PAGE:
Contrary to the urging of those who oppose same-sex marriage, Justice Kennedy also refused to see DOMA's denial of federal recognition as a minor inconvenience for same-sex couples. By looking instead at DOMA's practical operation within social and legal context, he took into consideration the broad reach of its restrictions on the lives of a small class of persons. As he succinctly put it, "DOMA writes inequality into the entire United States Code." Justice Kennedy had emphasized this same point when he characterized Colorado's denial of protection from discrimination as "imposing a broad and undifferentiated disability on a single named group," and also when he described Texas's criminalization of same-sex sodomy as imposing a "stigma" that was "not trivial." In all three cases, each law's broad impact on a narrowly targeted class revealed to Justice Kennedy that both its purpose and its effect were to demean gays and lesbians. This he will not tolerate.
Justice Kennedy also made clear in Windsor that DOMA simultaneously violates the protections of liberty and equality contained within the Fifth Amendment's Due Process Clause. Basically, the Fifth Amendment protects liberty and equality from federal interference to the same extent that the Fourteenth Amendment protects liberty and equality from state interference. In the two prior state cases, Romer was based on equality while Lawrence was grounded on liberty. But in Lawrence Justice Kennedy explicitly acknowledged the synergy between liberty and equality. Now, in Windsor, he simply refused to analyze them separately.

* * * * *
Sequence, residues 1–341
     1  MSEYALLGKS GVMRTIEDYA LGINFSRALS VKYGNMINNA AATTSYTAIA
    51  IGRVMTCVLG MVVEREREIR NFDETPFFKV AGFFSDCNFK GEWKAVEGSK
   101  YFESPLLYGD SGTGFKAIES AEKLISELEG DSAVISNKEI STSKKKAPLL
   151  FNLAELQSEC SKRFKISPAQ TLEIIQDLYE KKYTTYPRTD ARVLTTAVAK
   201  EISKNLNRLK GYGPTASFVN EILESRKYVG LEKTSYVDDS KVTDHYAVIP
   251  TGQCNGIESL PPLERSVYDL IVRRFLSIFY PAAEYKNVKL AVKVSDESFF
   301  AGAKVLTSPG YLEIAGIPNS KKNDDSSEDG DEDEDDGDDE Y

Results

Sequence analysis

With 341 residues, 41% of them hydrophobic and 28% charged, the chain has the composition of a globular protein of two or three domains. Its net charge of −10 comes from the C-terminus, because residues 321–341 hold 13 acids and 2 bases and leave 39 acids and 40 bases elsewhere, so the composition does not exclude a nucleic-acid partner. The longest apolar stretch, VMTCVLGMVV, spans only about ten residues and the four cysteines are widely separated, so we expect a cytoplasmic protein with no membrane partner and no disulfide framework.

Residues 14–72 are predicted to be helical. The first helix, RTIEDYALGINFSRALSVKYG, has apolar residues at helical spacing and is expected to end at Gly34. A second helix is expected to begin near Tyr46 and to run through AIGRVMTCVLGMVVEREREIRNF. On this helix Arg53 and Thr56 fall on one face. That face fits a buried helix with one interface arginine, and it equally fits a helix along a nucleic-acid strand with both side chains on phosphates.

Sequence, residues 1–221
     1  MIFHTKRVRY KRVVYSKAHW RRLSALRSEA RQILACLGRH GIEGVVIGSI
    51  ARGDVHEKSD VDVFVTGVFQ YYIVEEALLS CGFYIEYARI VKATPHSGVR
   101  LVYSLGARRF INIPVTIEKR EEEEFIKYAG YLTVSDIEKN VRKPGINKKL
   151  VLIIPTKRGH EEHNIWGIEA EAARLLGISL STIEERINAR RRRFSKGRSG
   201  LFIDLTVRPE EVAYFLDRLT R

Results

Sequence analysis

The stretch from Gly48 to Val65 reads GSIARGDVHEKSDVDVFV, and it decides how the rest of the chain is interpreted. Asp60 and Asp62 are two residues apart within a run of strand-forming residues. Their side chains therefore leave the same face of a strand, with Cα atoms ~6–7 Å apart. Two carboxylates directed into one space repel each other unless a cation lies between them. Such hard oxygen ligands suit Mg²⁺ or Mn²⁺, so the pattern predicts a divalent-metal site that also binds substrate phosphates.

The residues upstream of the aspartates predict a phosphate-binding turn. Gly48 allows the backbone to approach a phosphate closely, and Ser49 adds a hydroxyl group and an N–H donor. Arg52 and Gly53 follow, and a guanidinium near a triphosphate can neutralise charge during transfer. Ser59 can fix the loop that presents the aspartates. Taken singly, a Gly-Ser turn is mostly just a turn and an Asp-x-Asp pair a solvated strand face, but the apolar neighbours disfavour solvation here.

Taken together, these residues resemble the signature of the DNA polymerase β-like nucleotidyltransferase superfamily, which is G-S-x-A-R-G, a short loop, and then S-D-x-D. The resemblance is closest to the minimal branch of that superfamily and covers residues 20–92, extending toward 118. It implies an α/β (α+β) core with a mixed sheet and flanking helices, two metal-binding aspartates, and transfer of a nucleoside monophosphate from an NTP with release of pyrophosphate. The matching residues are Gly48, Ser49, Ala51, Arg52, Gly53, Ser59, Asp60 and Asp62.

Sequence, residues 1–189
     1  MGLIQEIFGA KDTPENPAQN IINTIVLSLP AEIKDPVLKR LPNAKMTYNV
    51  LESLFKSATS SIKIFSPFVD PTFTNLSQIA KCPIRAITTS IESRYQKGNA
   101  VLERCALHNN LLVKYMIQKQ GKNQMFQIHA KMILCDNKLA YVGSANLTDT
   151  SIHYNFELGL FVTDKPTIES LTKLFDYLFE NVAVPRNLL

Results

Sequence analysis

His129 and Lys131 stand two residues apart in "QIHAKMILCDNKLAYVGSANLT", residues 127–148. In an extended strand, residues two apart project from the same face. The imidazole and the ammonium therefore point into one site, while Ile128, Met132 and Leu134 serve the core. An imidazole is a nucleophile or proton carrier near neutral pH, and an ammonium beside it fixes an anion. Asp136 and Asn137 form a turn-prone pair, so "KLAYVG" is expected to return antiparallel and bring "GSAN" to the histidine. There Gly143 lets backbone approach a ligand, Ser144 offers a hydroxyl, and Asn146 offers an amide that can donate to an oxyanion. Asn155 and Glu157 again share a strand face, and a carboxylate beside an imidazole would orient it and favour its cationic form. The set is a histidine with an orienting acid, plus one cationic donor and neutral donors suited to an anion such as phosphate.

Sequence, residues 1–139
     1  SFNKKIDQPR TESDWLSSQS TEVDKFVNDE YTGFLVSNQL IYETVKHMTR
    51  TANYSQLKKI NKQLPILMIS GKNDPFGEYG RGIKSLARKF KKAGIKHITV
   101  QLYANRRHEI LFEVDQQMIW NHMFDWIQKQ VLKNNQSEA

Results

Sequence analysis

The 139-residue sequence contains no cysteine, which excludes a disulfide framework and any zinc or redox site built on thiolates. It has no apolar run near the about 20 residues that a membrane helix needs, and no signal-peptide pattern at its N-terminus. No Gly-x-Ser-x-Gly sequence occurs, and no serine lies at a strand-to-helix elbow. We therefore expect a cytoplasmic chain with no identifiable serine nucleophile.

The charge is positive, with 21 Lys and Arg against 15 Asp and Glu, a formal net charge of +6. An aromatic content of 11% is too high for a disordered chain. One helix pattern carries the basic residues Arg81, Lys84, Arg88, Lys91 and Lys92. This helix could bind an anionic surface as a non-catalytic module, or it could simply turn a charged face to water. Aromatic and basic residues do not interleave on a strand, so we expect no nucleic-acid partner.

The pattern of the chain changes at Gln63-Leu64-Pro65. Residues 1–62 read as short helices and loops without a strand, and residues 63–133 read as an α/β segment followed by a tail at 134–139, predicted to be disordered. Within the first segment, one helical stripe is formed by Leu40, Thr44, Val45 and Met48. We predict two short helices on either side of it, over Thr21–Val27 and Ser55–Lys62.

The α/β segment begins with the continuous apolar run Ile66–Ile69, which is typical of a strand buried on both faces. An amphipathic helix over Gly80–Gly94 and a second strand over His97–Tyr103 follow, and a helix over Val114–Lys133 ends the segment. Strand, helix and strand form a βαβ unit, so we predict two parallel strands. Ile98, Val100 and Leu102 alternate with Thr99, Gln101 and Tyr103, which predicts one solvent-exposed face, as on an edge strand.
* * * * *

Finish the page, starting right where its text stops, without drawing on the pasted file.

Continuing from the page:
Nor did Justice Kennedy specify the standard of judicial review he was applying. He repeated a quotation from Romer that "discriminations of an unusual character" require "careful consideration." And he ultimately concluded, "The federal statute is invalid, for no legitimate purpose overcomes the purpose and effect to disparage and to injure those whom the State, by its marriage laws, sought to protect in personhood and dignity." As any constitutional law student knows, the reference to "no legitimate purpose" sounds like rationality review, while "careful consideration" sounds more like heightened scrutiny. No matter to Justice Kennedy. Just as he had in Romer, he simply elided the tired tiers that characterize judicial scrutiny as strict, intermediate, or rationality-based. He similarly avoided the standard formula for determining whether a right is fundamental, apparently finding no need to reach that analysis, just as he had done in Lawrence.